• Exhibit 1441
        • Figure 33.40
        • Exhibit 1443
        • Exhibit 1444
        • Figure 33.41
        • Figure 33.42
        • Figure 33.43
        • Figure 33.44
        • Figure 33.45
        • Figure 33.46
      • Human Performance Research
        • Figure 33.47
        • Figure 33.48
      • Shaping the Future
        • Figure 33.49
        • Exhibit 1456
      • Additional References
  • Appendices
    • Appendix A: Bibliographies of Significant Contributions to the Exercise Physiology Literature
      • Appendix A: Bibliographies of Significant Contributions to the Exercise Physiology Literature
        • Sampling of Textbooks on Anatomy and Physiology, Anthropometry, Exercise and Training, and Exercise Physiology (1801–1947) (in Chronological Order)
        • Review Articles about Exercise, 1922–1940
        • Selected Contributions to the Exercise Physiology Literature by Swedish Exercise Physiologists Per-Olof Åstrand and Bengt Saltin
    • Appendix B: Scientific Contributions of Thirteen Outstanding Female Scientists
      • Appendix B: Scientific Contributions of Thirteen Outstanding Female Scientists
        • Figure: Scientific Contributions of Thirteen Outstanding Female Scientists
    • Appendix C: Honors and Awards of Interviewees
      • Appendix C: Honors and Awards of Interviewees
        • Stephen N. Blair
          • Statement of Contributions: ACSM Citation Award
          • Additional Honors and Awards
        • Frank W. Booth
          • Statement of Contributions: ACSM Citation Award
          • Additional Honors and Awards
        • Claude Bouchard
          • Statement of Contributions: ACSM Honor Award
          • Additional Honors and Awards
        • David L. Costill
          • Statement of Contributions: ACSM Honor Award
          • Additional Honors and Awards
        • Barbara Drinkwater
          • Statement of Contributions: ACSM Honor Award
          • Additional Honors and Awards
        • John O. Holloszy
          • Statement of Contributions: ACSM Honor Award
          • Additional Honors and Awards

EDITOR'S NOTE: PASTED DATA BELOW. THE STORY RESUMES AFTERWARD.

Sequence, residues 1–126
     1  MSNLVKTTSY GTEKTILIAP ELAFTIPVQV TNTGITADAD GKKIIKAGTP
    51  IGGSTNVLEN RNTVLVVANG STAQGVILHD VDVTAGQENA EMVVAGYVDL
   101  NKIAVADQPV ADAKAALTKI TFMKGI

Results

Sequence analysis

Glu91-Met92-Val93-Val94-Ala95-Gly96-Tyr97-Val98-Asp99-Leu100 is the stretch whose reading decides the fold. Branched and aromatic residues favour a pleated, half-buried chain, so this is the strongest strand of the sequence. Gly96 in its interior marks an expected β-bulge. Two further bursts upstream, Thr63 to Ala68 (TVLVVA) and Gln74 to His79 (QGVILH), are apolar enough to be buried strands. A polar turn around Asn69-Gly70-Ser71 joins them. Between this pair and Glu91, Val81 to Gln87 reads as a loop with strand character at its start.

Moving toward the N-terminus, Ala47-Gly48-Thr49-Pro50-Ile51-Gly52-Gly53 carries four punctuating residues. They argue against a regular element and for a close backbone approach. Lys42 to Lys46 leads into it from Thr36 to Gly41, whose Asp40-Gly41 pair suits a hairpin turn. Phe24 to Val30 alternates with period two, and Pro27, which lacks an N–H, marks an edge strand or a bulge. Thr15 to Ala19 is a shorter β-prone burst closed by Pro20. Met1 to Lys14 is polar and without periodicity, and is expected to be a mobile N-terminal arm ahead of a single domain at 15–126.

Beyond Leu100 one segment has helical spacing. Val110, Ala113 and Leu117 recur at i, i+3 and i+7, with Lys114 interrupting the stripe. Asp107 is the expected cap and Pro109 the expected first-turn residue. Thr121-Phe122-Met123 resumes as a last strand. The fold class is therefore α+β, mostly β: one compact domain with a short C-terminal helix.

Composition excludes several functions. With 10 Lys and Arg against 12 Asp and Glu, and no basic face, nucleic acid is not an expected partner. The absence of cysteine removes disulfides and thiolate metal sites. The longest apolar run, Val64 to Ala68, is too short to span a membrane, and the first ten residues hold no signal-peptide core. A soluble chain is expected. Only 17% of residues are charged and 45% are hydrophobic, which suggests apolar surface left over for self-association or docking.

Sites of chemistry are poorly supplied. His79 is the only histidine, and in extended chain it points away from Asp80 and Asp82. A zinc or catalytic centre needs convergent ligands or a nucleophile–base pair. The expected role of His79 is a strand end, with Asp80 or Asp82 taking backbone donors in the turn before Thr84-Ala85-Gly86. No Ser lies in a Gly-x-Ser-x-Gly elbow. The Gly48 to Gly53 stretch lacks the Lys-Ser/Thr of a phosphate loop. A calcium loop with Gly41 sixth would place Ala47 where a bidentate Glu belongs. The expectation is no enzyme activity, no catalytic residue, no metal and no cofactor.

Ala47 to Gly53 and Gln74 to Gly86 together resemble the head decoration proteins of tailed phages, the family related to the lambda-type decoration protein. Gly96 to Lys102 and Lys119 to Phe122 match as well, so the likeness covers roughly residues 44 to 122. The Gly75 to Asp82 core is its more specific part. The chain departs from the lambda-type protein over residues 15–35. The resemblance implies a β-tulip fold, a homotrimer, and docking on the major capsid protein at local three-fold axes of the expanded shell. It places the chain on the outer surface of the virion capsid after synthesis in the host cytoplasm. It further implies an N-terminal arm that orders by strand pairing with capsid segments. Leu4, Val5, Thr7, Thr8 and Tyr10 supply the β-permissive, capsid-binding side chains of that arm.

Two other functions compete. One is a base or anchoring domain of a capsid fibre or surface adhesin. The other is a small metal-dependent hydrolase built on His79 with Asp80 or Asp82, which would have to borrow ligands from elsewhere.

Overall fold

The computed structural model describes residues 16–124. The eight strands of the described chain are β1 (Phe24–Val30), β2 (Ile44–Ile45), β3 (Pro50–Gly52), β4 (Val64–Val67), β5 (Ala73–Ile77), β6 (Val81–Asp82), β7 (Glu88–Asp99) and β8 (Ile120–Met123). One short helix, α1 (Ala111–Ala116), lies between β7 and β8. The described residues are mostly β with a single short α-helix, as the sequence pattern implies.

• Loring B. Rowell
          • Statement of Contributions: ACSM Honor Award
          • Additional Honors and Awards
        • Bengt Saltin
          • Statement of Contributions: ACSM Honor Award
          • Additional Honors and Awards
        • Charles M. Tipton
          • Statement of Contributions: ACSM Honor Award
          • Additional Honors and Awards
    • Appendix D: The Metric System and Conversion Constants in Exercise Physiology
      • Appendix D: The Metric System and Conversion Constants in Exercise Physiology
        • Units of Mass (Weight)
          • Terminology and Units of Measurement
        • Units of Mass (Weight)
        • Units of Volume
        • Units of Length
        • Units of Temperature
        • Units of Speed
        • Common Expressions of Work, Energy, and Power
        • Definitions of Common SI Units
        • Base Units of SI Nomenclature
        • General SI Style Guidelines
        • Common Prefixes used with SI Units of Measurement
        • Figure Appd-11: Conversion Factors for Use in the Exercise Sciences
        • SI Conversion Table for Common Values in Clinical Hematology and Clinical Chemistry
    • Appendix E: Nutritive Values for Common Foods, Alcoholic and Nonalcoholic Beverages, and Specialty and Fast-Food Items
      • Appendix E: Nutritive Values for Common Foods, Alcoholic and Nonalcoholic Beverages, and Specialty and Fast-Food Items
        • Breads
        • Cakes and Pies
        • Cookies
        • Candy Bars